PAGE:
The Darjeeling region of India is famous for its black teas, but they should actually be called oolong teas. Black teas undergo full oxidization, but most Darjeeling teas are less than 90% oxidized. Because they are technically oolong teas, they brew to a light infusion with a floral aroma. They can taste slightly bitter and have a spiciness that is often described as “muscatel.”
Where to buy
These teas can be found just about everywhere, but for a good one, look to specialty tea shops or online vendors. If you are unsure where to begin, you can check out some of my recommendations below.
How to Prepare Darjeeling Tea
The preparation instructions given here are for loose leaf teas. For tea bags, you can just follow the instructions given on the box.
Teas from India’s most famous growing region can be a bit trickier to brew than other black teas. Since they are not usually fully oxidized, they should be brewed at a slightly lower temperature than most: 80-90ºC (180-194ºF) is a good start.
You can just boil the water using a simple stove-top kettle and then let it cool for two minutes or so. It would be better to use a thermometer to more accurately judge the water temperature.
If you plan on trying a lot of varieties of tea and/or coffee it might be worth it to invest in a water boiler/warmer or an electric kettle with a variable temperature setting. Personally, I recommend the utiliTEA kettle, since it is inexpensive and has separate temperature settings for the different types of tea.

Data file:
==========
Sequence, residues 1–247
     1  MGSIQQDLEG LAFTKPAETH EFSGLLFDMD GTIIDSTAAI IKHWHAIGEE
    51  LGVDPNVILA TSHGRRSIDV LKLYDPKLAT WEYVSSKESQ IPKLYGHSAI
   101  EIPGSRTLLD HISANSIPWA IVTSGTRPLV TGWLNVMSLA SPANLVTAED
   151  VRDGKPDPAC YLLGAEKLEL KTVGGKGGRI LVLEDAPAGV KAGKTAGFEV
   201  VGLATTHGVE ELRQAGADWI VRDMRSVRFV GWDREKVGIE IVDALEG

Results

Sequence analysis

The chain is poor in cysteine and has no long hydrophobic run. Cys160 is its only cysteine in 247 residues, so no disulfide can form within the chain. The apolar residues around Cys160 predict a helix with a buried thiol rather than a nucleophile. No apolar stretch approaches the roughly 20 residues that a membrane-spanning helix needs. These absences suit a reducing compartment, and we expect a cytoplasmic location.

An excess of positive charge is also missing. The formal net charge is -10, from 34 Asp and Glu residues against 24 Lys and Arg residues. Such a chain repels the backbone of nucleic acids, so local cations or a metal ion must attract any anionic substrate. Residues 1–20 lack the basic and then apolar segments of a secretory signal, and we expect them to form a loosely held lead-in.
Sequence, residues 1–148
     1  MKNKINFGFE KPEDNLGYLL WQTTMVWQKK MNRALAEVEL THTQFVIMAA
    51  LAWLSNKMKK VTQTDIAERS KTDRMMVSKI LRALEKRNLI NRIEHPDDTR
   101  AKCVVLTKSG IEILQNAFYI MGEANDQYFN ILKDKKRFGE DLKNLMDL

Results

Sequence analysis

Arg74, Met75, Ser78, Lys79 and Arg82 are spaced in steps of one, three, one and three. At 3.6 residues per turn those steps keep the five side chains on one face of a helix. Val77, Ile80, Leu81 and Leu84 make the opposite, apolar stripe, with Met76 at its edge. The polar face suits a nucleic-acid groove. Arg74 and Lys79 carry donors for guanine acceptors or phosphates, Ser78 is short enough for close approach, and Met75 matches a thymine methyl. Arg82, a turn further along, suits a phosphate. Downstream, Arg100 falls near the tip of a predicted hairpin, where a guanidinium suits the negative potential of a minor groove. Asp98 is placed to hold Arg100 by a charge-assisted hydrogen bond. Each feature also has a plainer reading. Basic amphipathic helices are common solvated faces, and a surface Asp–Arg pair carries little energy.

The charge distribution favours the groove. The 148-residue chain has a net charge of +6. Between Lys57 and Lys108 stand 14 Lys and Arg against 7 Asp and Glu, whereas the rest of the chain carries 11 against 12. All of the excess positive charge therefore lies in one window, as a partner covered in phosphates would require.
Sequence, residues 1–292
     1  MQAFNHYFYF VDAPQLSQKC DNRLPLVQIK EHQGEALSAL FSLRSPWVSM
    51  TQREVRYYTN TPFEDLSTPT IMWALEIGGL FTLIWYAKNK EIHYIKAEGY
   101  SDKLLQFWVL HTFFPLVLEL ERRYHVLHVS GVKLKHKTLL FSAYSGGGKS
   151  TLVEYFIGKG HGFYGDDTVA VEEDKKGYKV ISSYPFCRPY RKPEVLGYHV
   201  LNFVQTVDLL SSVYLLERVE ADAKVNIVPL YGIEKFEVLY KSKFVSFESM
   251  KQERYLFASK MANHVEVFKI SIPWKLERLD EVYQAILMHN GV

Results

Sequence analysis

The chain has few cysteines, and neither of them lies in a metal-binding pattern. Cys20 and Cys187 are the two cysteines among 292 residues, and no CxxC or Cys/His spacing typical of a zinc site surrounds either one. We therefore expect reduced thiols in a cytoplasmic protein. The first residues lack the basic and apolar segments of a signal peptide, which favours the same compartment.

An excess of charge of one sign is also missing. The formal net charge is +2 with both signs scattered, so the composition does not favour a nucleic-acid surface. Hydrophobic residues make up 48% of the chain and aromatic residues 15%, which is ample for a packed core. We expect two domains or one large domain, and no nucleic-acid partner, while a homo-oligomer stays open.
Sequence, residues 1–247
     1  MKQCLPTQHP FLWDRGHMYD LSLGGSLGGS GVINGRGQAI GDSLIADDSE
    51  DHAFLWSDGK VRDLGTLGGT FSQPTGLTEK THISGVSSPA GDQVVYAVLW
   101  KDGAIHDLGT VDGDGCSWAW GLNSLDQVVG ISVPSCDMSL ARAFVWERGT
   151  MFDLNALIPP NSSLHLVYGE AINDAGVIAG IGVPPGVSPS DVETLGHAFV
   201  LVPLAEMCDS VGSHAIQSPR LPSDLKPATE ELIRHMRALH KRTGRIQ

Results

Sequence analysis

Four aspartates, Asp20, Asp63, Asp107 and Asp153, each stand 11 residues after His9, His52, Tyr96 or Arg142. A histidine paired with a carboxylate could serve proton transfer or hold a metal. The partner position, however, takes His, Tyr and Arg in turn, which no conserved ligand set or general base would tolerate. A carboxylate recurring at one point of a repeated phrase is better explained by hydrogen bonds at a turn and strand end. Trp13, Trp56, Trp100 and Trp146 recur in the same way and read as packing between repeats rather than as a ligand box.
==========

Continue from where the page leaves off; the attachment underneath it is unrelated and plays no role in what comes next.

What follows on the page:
Darjeeling tea can be brewed in a variety of vessels, but a ceramic teapot is probably the best choice.
- Fill both the teapot and the cups about halfway with hot water to pre-heat them. Tilt them a bit so that the water creeps up the side and then rotate them so the insides get wet all the way around. Then pour the water out.
- Put 1 teaspoon of tea leaves into the teapot for every 8 oz. (236 ml) of water.
- Fill the teapot with 80-90ºC (180-194ºF) water.
- Place the lid on the teapot and let the tea steep for 2 minutes.
- Pour the tea into the teacups and enjoy your tea!
With these teas you want to be careful not to over-brew them, especially cheaper varieties, as they can easily become bitter. Because of that, the amounts and times given in the instructions are somewhat conservative; use them as a rough guide.
Many people already have an account with Amazon.com so it is probably the easiest place to buy tea online. Unfortunately, most of their Darjeeling black teas are fairly low quality. The one exception is the Margaret’s Hope 1st Flush Black Tea. It is only 30% oxidized and thus very much an oolong tea, but it is excellent.
If you’re not looking for the highest quality and just want a drinkable, inexpensive tea, Amazon has a lot of options. Personally, I like this one. It’s not something I would serve guests, but it’s good for filling a thermos and drinking throughout the day or for making iced tea.
My favorite option is the award winning Biodynamic Darjeeling from Art of Tea. While I’m not a fan of the name, the tea itself is excellent and it costs quite a bit less than you would expect.
Slightly cheaper is the Castleton Estate Darjeeling First Flush Tea from Silver Leaf Teas. Naturally the quality is lower, but it’s still a good tea and a very good price for a first flush.